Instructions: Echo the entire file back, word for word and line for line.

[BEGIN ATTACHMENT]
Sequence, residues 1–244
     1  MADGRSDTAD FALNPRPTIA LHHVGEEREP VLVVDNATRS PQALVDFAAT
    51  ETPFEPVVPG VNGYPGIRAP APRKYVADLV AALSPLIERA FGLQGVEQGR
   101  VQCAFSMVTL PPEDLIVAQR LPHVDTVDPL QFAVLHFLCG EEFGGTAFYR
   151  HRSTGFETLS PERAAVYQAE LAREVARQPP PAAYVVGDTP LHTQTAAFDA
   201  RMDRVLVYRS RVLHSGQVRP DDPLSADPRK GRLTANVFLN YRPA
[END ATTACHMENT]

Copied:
Sequence, residues 1–244
     1  MADGRSDTAD FALNPRPTIA LHHVGEEREP VLVVDNATRS PQALVDFAAT
    51  ETPFEPVVPG VNGYPGIRAP APRKYVADLV AALSPLIERA FGLQGVEQGR
   101  VQCAFSMVTL PPEDLIVAQR LPHVDTVDPL QFAVLHFLCG EEFGGTAFYR
   151  HRSTGFETLS PERAAVYQAE LAREVARQPP PAAYVVGDTP LHTQTAAFDA
   201  RMDRVLVYRS RVLHSGQVRP DDPLSADPRK GRLTANVFLN YRPA